I returned home last night from a road trip that was equal parts camping, conferencing, book proposal team writing, and socializing. Given the lateness of the hour, I only partially unpacked my car -- removing one duffel bag with clothes, my computer and hiking backpacks, hiking boots, toiletries bag, two pillows,…Continue
Love doesn’t need an audience or even a dress rehearsal, but sometimes it helps. Last night I sat through a dress rehearsal of Anna Garcia-Romero’s fabuloso play Paloma, which is…Continue
Skarsgard Farms (formerly Los Poblanos Organics) delivered turnips and beets to my front porch last week. Seeing these root vegetables side by side in my refrigerator gave me a hankering for Lebanese-style pickled turnips with beet juice. Since there was…Continue
Hola Fixers! It has been a while, sí? I’m now blogging as Barelas Babe, Ph.D, which has a nifty little ring to it, don'cha think? But no worries, this Bareleña isn’t going to get too big for her pantalones (or should that…Continue
A few weeks ago I was getting my Morning Fix and clicked to a KOAT story about off duty police car use. The story was interesting, the first reader comment actually made me think, but three comments later it devolved into the usual local teevee forum rant. Just as I was about to go back to DCF, an HGTV story caught my eye - “… Continue
The busiest place in South Barelas on Christmas Eve is not a church, but a temple of tamal-making – El Modelo. Longtime (and not-so-longtime) residents of Albuquerque have memories of lining up and waiting to pick up tamales to enjoy on Christmas Eve with their families. For more than a decade, we’ve joined in this tradition.
Each Halloween is a little bit different. Some years I dole out the candy one by one, concerned that I may not have purchased enough to last the night. Other years the trick-or-treaters are few and far between, and I start tossing in generous handfuls of candy so that I do not get stuck with too much leftover candy.
It is that time of year again. Signs that fall has arrived are rampant: hot air balloons a-soaring, green chile a-roasting, politicians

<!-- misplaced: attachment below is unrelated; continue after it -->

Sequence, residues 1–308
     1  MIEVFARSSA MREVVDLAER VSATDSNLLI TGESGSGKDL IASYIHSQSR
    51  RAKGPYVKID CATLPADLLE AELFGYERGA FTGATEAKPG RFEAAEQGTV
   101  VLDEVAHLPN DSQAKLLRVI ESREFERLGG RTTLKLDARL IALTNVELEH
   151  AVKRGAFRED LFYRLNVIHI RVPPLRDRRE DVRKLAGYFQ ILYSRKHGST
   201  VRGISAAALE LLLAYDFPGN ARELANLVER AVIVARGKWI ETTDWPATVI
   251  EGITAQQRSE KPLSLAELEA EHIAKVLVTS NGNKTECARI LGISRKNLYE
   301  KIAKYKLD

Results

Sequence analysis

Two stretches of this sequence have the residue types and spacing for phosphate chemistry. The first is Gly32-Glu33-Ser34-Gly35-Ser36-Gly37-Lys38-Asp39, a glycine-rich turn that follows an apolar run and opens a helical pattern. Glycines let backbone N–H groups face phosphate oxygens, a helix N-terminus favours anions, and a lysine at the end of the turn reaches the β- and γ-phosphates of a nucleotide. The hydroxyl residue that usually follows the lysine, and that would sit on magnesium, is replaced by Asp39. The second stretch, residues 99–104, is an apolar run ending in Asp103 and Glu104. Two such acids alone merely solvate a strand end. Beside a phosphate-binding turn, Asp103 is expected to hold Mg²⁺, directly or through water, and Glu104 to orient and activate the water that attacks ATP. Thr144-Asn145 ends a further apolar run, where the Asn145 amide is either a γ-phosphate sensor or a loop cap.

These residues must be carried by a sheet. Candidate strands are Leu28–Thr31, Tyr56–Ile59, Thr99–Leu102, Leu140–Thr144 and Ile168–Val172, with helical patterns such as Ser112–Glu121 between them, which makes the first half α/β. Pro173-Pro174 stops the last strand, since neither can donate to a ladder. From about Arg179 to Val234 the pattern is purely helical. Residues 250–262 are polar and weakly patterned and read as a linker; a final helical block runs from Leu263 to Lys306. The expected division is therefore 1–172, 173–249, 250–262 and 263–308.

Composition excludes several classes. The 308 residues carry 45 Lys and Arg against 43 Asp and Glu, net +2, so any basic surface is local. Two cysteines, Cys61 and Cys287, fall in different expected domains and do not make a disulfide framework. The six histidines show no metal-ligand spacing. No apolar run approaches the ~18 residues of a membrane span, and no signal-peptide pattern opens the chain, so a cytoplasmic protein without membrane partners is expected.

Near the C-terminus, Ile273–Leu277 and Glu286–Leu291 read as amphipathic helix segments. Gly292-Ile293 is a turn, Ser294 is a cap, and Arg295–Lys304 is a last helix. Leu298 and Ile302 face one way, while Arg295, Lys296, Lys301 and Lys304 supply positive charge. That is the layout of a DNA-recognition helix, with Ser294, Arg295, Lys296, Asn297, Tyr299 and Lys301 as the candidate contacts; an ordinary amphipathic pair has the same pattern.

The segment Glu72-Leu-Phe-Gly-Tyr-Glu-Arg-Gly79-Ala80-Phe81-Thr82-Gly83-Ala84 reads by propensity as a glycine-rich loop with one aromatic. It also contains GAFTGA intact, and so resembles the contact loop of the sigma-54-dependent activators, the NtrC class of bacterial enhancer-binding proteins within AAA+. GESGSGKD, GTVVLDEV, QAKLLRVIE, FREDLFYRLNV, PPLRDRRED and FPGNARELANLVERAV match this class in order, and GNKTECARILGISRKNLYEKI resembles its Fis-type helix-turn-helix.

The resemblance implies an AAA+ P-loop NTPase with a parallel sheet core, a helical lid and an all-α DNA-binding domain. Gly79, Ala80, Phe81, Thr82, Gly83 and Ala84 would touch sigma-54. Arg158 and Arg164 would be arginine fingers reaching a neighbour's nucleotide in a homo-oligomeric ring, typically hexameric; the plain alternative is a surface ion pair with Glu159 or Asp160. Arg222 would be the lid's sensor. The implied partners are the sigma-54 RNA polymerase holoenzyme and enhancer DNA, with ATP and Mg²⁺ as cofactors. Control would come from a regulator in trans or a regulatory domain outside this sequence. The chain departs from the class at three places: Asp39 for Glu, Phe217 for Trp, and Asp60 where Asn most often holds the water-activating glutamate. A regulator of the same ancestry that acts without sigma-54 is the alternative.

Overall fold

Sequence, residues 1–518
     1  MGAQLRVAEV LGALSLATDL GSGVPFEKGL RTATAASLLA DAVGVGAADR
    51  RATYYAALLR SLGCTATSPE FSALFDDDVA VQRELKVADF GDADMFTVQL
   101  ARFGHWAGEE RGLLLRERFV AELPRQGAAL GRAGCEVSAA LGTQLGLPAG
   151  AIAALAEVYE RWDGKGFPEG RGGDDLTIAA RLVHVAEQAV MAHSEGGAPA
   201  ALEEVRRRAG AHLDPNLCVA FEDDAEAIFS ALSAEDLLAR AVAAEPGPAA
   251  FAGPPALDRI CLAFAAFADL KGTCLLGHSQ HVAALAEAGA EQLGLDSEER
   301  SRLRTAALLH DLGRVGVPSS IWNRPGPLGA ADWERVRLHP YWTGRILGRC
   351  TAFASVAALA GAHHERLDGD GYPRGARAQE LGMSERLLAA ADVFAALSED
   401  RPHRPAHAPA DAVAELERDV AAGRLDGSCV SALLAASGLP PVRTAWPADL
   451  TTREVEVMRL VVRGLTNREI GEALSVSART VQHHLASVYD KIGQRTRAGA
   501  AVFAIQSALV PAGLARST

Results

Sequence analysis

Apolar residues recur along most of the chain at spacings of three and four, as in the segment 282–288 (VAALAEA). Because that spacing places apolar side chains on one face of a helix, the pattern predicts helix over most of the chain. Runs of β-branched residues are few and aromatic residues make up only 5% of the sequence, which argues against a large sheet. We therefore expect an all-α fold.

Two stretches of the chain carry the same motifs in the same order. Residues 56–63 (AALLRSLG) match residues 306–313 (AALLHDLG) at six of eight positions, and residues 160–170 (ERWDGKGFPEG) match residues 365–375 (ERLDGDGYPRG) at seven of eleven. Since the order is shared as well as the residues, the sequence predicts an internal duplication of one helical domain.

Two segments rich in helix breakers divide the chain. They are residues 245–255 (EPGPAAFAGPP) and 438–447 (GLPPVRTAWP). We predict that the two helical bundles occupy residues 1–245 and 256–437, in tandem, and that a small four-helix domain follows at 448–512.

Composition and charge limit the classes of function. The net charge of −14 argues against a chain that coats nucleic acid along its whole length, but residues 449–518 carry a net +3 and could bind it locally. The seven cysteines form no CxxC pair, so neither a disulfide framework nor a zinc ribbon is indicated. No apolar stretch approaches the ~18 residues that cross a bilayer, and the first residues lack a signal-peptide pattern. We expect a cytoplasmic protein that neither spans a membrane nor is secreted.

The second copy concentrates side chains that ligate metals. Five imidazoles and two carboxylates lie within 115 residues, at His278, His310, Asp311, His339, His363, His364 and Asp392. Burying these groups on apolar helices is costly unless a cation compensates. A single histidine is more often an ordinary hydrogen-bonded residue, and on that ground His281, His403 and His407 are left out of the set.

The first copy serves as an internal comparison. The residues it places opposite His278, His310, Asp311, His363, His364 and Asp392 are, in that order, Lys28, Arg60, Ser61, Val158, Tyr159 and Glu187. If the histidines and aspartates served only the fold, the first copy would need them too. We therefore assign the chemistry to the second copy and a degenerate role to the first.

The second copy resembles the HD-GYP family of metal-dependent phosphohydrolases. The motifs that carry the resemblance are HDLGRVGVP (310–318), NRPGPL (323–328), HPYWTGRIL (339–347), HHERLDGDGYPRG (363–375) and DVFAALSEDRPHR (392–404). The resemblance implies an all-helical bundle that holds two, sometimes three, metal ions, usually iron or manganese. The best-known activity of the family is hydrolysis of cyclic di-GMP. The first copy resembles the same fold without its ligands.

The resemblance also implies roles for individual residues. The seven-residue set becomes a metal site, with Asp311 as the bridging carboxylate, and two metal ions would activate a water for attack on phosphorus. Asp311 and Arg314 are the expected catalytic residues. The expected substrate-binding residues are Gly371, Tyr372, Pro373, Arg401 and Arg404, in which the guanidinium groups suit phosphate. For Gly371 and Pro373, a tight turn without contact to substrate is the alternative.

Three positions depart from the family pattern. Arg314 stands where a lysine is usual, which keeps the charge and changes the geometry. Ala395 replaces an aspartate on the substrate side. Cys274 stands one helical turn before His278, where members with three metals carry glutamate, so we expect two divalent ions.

This is a tale of perplexity and persistence. More than a decade ago, when I purchased my first home and moved to Barelas, I registered to vote, wanting to do my civic duty and wanting to have my say about matters close to home. I read all of the election literature I received, including the newsletters sent out by the Middle Rio Grande… Continue
With the economy taking a dive and people losing jobs and (struggling to get their unemployment benefits), it seems like an odd time for a neighborhood to grow by increasing housing and services, but that is what has been happening in Barelas, even after our current recession began.
Shortly after I moved to Barelas, I discovered Tingley Park. With two little ones, Tingley Park was a far enough walk away from home to feel like an adventure and close enough for us to make a quick dash for home in case we needed to.
I went to a party last weekend and was outed as Barelas Babe.
I can see the smallest onion domein Albuquerque from my house. It isn’t quite like seeing Russia, but given that this is New Mexico, it will have to suffice.
When I first started looking for a home in Albuquerque, I had two criteria. First, home had to be walking distance (2 miles or less) from UNM, and second, it had to be in an…
The older I get, the more drawn I am to local neighborhood holiday traditions. Part of it is a nostalgic longing for community – I have happy childhood memories of large extended family gatherings. (To give you an idea what I mean by extended family - in just 10 minutes I came up with a list of more than 200 family members, and given another 20 minutes I could probably double that list. And this is without conferring with my mother, whose memory has a… Continue
I’m looking forward to voting this week. One of my earliest childhood memories is of walking down the street on Election Day with both of my parents and my younger brother, whose toddler exuberance was constrained with a baby blue
Less than a mile from the heart of downtown Albuquerque is a community experiment in progress. If you drive (or even walk) down 4th Street south of Central Avenue, past the streets named for entities in the Periodic Table of the Elements, you might notice a small plot of land with raised garden beds painted in bright colors.
The first weekend after Labor Day is always bittersweet for me, marking the psychological transition from summer into autumn. Mornings are cooler, there’s a hint of green chile in the air, and leaves begin to acquire a tarnish of gold.
“Beautiful” is not a word often linked with Barelas. Ours is a close-knit community, held together by corazón y familia, but beauty doesn’t figure into most descriptions of Barelas. Speed through the main thoroughfares of our barrio and you’ll likely miss the beauty that lives in… Continue
I’m up too late on a Saturday night (for reasons of insomnia, not fun) and feel too groggy to throw on some clothes and walk a few blocks down the street to the Church of Beethoven this Sunday morning.